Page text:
Ruff Work

Who’s feet be these?

Two ruffed grouse wandered along our driveway — a little pigeon-toed —  leaving the message of their passing in the snow.

img_2347
Ruffed grouse tracks, coming and going

These “wild chickens” have spent several weeks around our wooded yard, pecking for insects, eating buds and rose hips.

Someone one described the ruffed grouse as a lunchbox on legs. An apt description. It’s high on the menu of many meat-eaters including owls, coyotes and foxes.

Ruffed grouse have a weird habit of freezing when danger threatens — which perhaps gave rise to another nickname, fool hens. Freezing is all well and good when you blend into the background. When you’re standing in the middle of the road and a car is bearing down on you, well, not so much.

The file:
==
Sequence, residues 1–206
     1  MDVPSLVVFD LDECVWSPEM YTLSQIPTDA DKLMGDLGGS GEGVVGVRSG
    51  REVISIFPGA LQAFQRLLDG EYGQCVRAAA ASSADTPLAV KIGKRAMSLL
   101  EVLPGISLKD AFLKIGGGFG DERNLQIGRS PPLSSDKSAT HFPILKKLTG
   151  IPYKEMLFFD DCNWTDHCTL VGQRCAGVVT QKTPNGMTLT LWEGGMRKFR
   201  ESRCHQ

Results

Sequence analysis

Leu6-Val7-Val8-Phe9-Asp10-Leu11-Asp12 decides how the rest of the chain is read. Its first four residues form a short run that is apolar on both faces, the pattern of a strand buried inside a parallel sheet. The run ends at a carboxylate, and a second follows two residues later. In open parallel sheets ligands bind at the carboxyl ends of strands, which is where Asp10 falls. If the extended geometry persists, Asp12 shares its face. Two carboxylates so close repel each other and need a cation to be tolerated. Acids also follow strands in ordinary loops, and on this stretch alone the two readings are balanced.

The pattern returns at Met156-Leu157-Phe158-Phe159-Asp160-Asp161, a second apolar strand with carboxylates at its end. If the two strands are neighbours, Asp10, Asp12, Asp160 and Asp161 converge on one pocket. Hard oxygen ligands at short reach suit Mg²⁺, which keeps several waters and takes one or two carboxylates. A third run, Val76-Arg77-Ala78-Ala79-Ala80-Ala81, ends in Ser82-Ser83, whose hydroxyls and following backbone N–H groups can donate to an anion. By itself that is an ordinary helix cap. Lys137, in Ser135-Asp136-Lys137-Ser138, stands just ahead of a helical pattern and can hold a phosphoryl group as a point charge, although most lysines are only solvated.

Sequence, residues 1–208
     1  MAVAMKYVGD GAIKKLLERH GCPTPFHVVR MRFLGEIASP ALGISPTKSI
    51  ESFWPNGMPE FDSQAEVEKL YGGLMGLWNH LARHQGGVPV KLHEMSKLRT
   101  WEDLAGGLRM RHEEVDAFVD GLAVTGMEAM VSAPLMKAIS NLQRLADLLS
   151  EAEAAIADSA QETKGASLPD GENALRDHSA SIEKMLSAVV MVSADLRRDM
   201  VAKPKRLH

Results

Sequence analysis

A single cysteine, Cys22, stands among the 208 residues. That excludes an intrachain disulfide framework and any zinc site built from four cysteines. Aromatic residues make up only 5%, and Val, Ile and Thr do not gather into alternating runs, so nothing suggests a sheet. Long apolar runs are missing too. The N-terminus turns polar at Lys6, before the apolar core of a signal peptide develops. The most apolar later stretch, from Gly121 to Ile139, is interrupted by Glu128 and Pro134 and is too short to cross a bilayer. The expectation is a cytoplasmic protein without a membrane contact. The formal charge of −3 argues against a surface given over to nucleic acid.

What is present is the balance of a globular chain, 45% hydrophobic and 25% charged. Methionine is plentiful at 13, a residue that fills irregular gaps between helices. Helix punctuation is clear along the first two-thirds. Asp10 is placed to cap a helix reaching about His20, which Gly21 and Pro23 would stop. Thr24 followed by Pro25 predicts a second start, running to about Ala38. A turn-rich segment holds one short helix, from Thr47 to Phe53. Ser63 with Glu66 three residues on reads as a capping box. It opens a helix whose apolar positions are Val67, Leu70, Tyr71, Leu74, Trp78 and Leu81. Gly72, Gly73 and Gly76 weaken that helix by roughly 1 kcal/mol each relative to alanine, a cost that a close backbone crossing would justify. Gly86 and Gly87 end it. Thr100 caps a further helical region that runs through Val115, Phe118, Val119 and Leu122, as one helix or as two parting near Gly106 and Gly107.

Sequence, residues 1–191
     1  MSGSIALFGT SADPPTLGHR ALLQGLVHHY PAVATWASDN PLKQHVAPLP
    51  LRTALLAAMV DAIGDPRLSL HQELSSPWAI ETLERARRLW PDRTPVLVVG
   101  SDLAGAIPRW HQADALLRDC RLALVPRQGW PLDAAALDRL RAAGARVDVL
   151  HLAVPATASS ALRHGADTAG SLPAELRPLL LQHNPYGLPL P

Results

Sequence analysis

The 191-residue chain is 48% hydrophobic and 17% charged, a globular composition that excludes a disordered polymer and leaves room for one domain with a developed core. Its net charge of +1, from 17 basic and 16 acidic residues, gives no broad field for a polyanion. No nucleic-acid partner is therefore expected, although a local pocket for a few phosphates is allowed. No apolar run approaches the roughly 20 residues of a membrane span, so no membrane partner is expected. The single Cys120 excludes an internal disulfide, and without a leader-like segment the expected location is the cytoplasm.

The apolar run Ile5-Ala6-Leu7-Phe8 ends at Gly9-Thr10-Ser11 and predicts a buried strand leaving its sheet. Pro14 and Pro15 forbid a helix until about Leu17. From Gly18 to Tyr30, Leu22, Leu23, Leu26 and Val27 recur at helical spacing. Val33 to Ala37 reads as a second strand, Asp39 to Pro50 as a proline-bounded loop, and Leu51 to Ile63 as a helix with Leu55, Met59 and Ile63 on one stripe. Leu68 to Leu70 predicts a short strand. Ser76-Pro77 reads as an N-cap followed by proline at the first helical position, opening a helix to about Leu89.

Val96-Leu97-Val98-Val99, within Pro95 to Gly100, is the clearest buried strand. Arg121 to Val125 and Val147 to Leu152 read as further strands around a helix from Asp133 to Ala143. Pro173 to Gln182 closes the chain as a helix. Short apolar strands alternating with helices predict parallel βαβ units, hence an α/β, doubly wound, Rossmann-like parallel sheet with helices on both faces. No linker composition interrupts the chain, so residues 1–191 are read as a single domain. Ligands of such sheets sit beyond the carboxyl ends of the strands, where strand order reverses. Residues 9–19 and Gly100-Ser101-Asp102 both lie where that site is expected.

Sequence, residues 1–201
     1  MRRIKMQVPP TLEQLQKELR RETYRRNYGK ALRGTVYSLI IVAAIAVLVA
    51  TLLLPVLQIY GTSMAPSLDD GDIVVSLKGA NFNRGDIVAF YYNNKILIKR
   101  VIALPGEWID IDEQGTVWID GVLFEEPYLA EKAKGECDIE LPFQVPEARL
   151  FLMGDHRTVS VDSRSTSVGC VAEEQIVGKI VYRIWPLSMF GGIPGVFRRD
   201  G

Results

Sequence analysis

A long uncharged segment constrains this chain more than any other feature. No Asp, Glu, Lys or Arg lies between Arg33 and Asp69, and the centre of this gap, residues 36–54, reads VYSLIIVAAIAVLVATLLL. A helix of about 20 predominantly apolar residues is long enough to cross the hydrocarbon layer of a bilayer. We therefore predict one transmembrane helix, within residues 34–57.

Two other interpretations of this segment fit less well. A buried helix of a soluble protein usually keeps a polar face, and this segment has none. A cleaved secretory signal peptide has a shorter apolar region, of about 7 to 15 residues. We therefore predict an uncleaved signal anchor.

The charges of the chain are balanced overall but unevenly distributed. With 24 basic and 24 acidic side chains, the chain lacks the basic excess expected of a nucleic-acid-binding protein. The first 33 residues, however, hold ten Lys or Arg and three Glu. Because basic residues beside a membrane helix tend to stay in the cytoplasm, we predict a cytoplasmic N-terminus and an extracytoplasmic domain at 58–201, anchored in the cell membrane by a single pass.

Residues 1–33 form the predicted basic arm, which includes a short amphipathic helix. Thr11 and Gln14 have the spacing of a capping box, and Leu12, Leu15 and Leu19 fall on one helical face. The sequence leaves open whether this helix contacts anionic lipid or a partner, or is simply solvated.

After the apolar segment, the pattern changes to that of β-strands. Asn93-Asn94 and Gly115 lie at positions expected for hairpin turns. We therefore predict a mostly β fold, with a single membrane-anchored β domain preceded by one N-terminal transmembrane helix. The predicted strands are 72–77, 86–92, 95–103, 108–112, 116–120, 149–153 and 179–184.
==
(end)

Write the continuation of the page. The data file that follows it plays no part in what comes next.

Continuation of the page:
The Ruffed Grouse Society has an excellent website — info, photos and, of course, an audio clip of drumming. (The male grouse is quite musically inclined when in the mood to mate. Sounds sort of like an old steam engine picking up speed as it leaves the station.)


Ruffed grouse   Bonasa umbellus
October 16, 2016

Advertisements

5 thoughts on “Ruff Work

Leave a Reply

Please log in using one of these methods to post your comment:

WordPress.com Logo

You are commenting using your WordPress.com account. Log Out / Change )

Twitter picture

You are commenting using your Twitter account. Log Out / Change )

Facebook photo

You are commenting using your Facebook account. Log Out / Change )

Google+ photo

You are commenting using your Google+ account. Log Out / Change )

Connecting to %s